Accessibility.Blog

Giving Your Hotel an Edge Online by Catering to the Disabled

August 1, 2017 at 9:24:57 AM EDT

There are roughly 53 million adults living with a disability in the United States. That's about one-fifth of the population that requires accessible resources to navigate their daily life. These individuals are working, moving, and spending money, including on travel. Considering that disabled individuals are often traveling with non-disabled family members, demand for disabled-friendly rooms amounts to a considerable portion of the overall industry. Yet, many hotels remain inaccessible to disabled travelers, whether through their physical amenities, their reservation options, or both. Either through lack of awareness, or by negligence, many hotels make simple mistakes that shut themselves off from serving the millions of disabled families that travel every year. Hotels can become more accessible to disabled travelers simply by making a few  easy tweaks to their website, which can broaden their target demographic and ultimately give them a competitive edge.

  1. List your room details on your site.

Disabled travelers need to know ahead of time that they will be able to stay comfortably at the hotel they choose, and this means researching handicap-accessible bedrooms, bathrooms, parking, and so on. As an established hotel, chances are you already have required features, like handicap parking, handrails, elevators, closed captioning on the television, and the like available for your guests. However, if you don't make that information available online, your disabled customers will assume that you don't have it. Picking up the phone and dialing customer service to get these questions answered is an extra hassle for someone who is hard of hearing or physically disabled, so making all of this information readily available online will make it easier for disabled customers to make reservations with your hotel, and show them that you value accessibility.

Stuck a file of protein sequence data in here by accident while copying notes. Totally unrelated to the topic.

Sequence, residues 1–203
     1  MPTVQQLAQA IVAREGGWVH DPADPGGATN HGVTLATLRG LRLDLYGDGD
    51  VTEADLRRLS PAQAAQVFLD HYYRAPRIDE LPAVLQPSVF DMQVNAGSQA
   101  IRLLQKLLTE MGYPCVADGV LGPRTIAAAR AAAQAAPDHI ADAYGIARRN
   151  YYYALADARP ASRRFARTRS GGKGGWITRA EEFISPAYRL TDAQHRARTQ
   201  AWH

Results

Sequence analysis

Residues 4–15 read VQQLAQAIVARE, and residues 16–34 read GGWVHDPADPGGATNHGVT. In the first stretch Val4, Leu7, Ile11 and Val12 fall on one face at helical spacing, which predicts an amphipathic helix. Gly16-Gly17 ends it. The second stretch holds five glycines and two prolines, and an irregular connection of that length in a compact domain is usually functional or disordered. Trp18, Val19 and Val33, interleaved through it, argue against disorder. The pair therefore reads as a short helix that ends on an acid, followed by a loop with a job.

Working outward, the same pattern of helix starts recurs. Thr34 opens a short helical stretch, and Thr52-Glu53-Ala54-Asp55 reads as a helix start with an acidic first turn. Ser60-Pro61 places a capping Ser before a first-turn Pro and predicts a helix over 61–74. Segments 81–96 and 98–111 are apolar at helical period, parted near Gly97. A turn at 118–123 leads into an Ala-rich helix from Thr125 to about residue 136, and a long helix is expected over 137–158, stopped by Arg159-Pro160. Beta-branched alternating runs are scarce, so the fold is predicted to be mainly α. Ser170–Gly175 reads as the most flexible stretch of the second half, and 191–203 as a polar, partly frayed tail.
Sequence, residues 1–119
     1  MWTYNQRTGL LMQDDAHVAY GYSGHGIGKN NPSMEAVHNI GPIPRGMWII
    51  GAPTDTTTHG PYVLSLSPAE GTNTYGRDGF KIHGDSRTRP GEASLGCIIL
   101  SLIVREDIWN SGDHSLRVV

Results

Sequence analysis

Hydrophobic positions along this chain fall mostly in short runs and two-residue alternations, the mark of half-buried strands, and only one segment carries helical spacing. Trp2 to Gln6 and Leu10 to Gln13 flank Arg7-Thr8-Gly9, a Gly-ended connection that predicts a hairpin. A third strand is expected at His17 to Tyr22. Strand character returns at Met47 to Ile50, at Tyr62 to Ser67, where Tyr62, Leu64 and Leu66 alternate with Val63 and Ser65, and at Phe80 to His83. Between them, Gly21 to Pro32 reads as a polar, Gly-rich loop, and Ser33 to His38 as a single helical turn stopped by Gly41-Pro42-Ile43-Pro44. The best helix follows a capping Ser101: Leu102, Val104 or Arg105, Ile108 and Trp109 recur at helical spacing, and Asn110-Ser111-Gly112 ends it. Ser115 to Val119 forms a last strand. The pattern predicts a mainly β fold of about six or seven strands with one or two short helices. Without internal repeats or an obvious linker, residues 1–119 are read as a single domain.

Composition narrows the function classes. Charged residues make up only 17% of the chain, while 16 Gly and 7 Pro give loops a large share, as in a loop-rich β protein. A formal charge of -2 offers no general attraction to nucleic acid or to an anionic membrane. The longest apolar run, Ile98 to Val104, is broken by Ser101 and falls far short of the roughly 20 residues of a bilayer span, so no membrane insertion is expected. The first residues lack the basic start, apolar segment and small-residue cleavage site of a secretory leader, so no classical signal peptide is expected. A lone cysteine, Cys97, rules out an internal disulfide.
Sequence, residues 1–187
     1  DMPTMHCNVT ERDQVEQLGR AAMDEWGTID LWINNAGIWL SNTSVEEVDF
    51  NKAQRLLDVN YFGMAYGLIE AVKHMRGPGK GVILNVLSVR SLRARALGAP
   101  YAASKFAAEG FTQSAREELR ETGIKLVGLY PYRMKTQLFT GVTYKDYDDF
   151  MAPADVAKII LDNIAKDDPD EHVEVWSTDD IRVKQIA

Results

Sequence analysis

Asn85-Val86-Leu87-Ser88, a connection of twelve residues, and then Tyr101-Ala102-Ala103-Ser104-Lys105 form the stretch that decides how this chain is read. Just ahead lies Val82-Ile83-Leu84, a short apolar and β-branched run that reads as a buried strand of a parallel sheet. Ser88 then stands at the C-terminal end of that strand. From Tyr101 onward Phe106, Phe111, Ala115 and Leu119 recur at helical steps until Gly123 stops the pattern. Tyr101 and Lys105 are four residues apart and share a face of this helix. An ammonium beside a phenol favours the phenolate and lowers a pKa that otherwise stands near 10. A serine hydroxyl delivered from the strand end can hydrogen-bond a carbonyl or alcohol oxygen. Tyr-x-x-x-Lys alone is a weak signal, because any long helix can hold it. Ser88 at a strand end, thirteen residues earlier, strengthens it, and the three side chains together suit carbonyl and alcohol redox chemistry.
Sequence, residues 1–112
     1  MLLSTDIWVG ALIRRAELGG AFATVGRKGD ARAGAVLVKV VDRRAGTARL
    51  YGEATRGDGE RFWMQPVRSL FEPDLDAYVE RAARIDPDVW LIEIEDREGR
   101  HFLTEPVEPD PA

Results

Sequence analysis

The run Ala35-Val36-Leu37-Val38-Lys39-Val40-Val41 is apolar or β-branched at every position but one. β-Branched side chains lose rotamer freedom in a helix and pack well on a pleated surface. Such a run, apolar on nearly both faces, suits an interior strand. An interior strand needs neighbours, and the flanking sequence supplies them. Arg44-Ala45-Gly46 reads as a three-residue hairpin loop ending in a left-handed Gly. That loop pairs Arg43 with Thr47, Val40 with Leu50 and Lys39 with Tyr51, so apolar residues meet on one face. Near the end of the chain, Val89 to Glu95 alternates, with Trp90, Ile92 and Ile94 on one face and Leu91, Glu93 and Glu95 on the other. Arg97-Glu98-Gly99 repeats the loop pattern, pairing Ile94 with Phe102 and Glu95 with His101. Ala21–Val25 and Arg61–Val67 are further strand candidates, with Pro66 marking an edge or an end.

1. Make sure your website complies with Web Content Accessibility Guidelines (WCAG).

It's not just your physical hotel that needs to be disabled traveler friendly if you want to attract guests. You also need to make your website accessible to disabled users by following the WCAG’s recommendations. What does this mean? For starters, it means:

Making sure that your website is easy to use for all disabled users is a great way to win new business by being an easy option for those looking to book online. It doesn't take much, but simply reviewing the WCAG guidelines and working with an educated accessible-friendly website designer can make all the difference.

  1. Promote your hotel as disabled-friendly.

Place an accessibility statement on your website and link all pages to it. This can immediately help disabled users and demonstrate that your hotel is aware and accessible. It's a quick, easy, and free way to target an entire community and make your company stand out. 

As the demand for website accessibility increases and is a growing legal issue, companies are taking the necessary steps to be accessible to everyone. Don't get left behind, and take steps toward accessibility as it becomes the new norm.

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